The remains of the ancient Maya can be found just about everywhere in Yucatán, including within its capital and largest city, Mérida.
But Nohoch Caucel is a different beast, covering an area larger than Valladolid, Yucatán’s second-largest city.
If you are wondering why you have never heard of this massive site before, it is because it is not an archaeological site per se, but rather a densely packed section of northwestern Mérida which happens to be home to the largest concentration of prehispanic structures in the city.
The name Nohoch Caucel is also not one you will find in guidebooks, as it was coined (by yours truly) to refer to this area, with Caucel being the name of a village within Mérida’s municipal boundaries, as well as a suburb and the word Nohoch — which translates as large in the Yucatec-Maya language.
Though not widely accepted (yet) and this area still needs much research, the term is helpful as, when considered in its totality, it contains many of the hallmarks of imposing Maya cities such as a constrained geography, extensive Sac-Bé (Mayan road) networks, as well as ceremonial, residential and administrative complexes.
One of Nohoch Caucel’s most stunning features is the Mesoamerican Ballcourt of Xanila. Amazingly, this ballcourt dates back to the 8th century BCE, making it one of the oldest in the Mesoamerican world.
The archaeological complex known as Xaman Susulá also dates to the preclassical period. Research suggests that at its height, the area would have been home to thousands of structures over four distinct construction periods.
One of the few discrete structures still observable today is referred to in the archaeological record as Structure 1729.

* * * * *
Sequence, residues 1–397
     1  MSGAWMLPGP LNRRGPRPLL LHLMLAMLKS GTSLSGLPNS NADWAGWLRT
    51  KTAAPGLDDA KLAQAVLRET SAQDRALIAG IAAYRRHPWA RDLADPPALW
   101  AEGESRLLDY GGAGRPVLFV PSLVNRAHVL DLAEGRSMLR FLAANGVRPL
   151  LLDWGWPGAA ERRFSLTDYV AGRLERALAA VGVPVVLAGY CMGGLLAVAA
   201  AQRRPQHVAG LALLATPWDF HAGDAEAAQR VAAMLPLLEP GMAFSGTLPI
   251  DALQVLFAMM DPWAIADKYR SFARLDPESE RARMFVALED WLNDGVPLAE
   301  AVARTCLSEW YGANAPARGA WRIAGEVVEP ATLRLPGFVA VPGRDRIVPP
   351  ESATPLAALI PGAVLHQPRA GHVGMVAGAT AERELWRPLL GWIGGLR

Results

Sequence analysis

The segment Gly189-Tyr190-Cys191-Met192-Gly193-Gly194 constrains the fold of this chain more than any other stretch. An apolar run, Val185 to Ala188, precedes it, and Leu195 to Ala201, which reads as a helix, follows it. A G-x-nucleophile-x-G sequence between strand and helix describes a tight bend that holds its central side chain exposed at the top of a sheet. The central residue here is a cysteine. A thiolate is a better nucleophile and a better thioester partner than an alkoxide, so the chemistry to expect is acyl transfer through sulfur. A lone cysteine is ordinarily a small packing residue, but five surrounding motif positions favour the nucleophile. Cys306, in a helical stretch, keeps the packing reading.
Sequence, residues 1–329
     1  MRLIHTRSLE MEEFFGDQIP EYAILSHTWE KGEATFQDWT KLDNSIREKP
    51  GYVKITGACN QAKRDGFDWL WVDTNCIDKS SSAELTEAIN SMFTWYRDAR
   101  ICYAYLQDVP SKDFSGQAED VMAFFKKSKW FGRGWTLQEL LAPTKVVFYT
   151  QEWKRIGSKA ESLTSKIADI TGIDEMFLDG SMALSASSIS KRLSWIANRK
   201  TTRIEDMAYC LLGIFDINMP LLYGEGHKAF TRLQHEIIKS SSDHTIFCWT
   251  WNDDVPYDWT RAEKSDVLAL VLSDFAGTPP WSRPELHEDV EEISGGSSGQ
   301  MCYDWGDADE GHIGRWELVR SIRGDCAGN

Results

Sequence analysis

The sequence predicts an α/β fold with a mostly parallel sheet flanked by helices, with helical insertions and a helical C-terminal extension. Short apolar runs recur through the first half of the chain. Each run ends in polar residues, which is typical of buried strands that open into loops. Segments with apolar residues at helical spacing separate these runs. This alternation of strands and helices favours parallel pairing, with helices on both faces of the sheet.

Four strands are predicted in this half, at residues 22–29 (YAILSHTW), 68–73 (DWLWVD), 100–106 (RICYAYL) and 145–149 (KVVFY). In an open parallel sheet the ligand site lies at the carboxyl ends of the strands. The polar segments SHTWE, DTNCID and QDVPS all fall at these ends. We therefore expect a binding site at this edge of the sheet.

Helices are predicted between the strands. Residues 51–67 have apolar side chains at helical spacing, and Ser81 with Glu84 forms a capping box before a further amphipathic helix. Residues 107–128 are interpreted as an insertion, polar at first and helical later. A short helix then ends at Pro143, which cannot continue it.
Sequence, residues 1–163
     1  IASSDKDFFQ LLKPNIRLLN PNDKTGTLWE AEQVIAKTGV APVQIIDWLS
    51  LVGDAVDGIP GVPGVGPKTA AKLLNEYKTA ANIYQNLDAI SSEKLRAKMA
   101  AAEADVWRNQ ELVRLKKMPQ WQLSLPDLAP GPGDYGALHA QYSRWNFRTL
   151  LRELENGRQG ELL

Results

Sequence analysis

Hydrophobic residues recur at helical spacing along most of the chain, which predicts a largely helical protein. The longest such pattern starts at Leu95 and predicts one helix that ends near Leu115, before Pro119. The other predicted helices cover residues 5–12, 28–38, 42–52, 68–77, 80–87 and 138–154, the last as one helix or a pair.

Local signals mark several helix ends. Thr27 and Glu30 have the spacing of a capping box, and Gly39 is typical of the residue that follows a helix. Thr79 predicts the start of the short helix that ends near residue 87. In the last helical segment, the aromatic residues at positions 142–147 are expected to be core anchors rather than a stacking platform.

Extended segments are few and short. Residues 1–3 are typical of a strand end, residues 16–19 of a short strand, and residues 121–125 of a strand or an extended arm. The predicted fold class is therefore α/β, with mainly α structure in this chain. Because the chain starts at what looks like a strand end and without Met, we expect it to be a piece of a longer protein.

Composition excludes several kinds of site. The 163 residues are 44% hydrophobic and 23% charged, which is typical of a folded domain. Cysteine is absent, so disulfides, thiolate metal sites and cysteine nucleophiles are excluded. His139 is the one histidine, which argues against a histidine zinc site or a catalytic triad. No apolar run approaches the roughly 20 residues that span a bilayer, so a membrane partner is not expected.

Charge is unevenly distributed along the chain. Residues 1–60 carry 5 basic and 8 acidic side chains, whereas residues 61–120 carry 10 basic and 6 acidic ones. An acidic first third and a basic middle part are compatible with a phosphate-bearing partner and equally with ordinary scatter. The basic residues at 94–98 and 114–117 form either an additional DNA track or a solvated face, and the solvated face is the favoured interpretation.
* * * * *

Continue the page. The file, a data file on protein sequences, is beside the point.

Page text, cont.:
That said, the remains of a handful of other structures, including stone walls and several stone artifacts, can also be seen.
Just as ancient are the artificial platforms found in Soblonke Park, one of the most undervalued of its kind in the city.
Soblonke is home to many structures with construction dates that extend back to the 9th century. Given their relatively low elevation, it is widely believed that these monuments were stone foundations on top of which structures made of perishable materials were constructed.
In the blocks surrounding Soblonque, one can see even more archaeological remains in small open-air parks, including Los Laureles.
In the area, there are also a handful of roundabouts like Glorieta de Jade, where archaeological remains are visible, though they often go unnoticed. This is also the case within several roundabouts all over the city, especially in San Pedro Cholul.
Adjacent to a high school in the same area is the site known simply as Dzonot, which in Yucatec Maya translates as chasm, likely after the number of cenotes in the area.
During my last visit to Dzonot, I spoke with a handful of students from the school who expressed interest in my photographing of the site but mentioned that they had no idea that these were, in fact, of archaeological interest.
Another central point of interest within the scope of what we have defined as Nohoch Caucel is the Archaeological region of Kalax.
Though the site is badly damaged, stone tools, fragments of walls, and other architectural features can be made out for those with a keen eye.
The total amount of archaeological remains in the Nohoch Caucel is far too large to cover in a single article. In the future, expect a more complete guide (maybe in print, hint hint) that goes further in depth.